Transform Any Room – Door Trim Upgrade

Do you ever get tired of seeing the same door trim and window trim in every room of your home?

Pair of closet doors and adjacent wall niche with trim around them.
Small molding around closet doors and wall niche

Builders love to use the same casing and baseboards throughout the house. The door trim in the living room is the same as the door trim in closets. The window trim in the kitchen is probably the same as the window trim in the master bedroom. And those two rooms don’t have much in common!

So before you repaint, why not switch things up by upgrading your door and window casing?!

This is a great DIY project! It’s not difficult and can give you a big bang for your buck. 


Remove the original trim

This is where most people hesitate. They’re not sure they can remove trim without damaging walls, doors, floors, windows etc. It’s a little scary but it’s much simpler than it looks. Door and window trim is usually installed with trim nails.  Remove the moldings first and then remove any trim nails left in your walls or in the moldings you’ve just taken out.

The most common type of builder-level trim measures between 2-1/2″ and 3-1/2″ wide by 11/16″ thick.   In the image below you can see the proportions of the original window trim compared with the bigger upgraded trim.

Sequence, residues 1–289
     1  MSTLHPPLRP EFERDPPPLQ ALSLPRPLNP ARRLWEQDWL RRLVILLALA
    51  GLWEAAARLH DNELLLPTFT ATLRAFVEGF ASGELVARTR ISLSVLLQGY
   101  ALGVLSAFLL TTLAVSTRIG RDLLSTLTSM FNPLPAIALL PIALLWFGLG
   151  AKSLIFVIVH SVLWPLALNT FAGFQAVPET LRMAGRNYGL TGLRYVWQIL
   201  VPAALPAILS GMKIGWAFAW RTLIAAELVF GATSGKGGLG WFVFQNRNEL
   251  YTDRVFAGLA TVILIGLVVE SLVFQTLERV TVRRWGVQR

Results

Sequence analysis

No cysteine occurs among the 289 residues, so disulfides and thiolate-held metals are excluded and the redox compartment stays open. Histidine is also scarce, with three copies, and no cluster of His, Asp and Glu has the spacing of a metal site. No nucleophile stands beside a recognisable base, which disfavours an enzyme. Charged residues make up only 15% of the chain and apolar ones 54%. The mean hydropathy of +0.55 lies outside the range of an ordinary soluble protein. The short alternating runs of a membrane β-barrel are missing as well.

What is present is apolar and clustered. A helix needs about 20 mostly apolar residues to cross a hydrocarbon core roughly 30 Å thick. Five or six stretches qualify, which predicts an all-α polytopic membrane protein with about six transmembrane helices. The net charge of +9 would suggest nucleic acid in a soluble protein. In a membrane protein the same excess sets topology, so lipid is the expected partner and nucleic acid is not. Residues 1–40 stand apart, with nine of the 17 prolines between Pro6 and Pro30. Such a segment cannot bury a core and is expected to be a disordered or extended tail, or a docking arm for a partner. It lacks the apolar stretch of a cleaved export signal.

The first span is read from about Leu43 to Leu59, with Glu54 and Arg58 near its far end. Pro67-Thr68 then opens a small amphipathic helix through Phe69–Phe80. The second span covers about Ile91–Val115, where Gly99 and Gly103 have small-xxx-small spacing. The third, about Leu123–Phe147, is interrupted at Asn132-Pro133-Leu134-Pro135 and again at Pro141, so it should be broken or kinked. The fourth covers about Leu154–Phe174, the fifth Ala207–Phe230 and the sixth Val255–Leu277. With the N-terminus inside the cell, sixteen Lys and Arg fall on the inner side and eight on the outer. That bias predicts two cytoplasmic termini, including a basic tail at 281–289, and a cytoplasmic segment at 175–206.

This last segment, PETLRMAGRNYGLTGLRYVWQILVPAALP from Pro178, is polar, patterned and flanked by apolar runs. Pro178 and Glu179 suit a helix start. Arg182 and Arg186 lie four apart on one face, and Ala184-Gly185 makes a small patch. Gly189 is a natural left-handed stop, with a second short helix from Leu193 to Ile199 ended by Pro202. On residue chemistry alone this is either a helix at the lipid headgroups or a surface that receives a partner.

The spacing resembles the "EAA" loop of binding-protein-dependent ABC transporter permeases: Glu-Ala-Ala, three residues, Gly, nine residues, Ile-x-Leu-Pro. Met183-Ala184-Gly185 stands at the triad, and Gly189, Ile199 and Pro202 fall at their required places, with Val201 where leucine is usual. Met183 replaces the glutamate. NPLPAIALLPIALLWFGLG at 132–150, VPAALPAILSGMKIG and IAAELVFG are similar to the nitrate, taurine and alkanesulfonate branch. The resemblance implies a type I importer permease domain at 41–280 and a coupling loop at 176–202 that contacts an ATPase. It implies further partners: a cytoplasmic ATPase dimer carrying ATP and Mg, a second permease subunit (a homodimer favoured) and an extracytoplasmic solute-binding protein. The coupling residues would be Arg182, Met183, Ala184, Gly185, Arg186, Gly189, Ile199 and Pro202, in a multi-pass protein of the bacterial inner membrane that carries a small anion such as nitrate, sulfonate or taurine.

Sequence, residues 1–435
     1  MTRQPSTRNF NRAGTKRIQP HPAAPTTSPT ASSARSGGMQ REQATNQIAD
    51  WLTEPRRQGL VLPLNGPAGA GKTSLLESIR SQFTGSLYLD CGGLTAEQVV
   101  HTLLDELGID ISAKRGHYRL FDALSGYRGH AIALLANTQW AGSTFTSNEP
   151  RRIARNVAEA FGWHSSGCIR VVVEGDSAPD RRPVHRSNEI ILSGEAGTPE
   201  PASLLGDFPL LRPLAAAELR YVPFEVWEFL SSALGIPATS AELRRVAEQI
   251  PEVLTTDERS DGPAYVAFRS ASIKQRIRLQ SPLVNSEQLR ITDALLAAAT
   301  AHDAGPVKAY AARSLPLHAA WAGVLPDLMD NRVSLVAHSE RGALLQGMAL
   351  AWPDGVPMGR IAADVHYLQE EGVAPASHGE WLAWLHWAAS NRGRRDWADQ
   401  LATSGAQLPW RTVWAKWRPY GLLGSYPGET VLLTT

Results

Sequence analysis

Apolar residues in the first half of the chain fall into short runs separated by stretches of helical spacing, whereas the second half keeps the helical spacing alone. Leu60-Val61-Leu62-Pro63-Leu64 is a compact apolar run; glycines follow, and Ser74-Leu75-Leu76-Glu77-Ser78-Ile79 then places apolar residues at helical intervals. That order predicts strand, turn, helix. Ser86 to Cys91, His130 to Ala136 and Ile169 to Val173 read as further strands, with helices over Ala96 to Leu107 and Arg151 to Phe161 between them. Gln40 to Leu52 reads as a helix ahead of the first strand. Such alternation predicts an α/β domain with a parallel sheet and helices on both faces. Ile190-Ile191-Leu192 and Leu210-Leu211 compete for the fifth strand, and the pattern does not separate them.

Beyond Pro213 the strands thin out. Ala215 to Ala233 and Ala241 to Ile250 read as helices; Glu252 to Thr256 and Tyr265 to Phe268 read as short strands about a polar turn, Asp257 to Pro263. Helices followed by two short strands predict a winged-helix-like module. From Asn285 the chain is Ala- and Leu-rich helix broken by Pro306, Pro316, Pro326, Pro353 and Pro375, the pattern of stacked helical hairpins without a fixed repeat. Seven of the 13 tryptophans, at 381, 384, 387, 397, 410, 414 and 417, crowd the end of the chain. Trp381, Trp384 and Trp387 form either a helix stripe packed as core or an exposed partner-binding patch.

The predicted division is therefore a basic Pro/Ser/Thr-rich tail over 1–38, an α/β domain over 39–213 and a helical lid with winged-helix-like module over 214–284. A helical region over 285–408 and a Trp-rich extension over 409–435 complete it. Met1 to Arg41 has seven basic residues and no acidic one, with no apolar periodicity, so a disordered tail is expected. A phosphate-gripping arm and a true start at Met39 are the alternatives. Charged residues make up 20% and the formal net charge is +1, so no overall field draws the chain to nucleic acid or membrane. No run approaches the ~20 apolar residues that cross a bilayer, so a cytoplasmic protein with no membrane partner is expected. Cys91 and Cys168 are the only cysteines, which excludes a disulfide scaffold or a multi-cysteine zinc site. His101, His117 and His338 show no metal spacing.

New window trim and sill installed and original trim placed on top for comparison.
New window trim and stool installed and compared with the original builders colonial window trim

How To Choose The Right Door Trim

When you think about how to install door casings, there are two basic considerations: the profile and the material it’s made from.

The trim is an integral part of the character of a room. That character comes from the size, the detailing and the material. Let’s review some of these selections. We intuitively know something about the right choice for size and detail. 

  • We associate wide, thick and detailed moldings with classical and formal spaces.
  • Smaller simple moldings are best suited for less formal spaces.
  • And moldings that don’t have any rounded or stepped details can give a Craftsman style appeal or a much more contemporary look. 

How to choose the right material

Before you choose the profile, you should choose the material that your molding will be made from. There’s no point falling in love with a polystyrene door casing and then learn it’s only available in unfinished wood!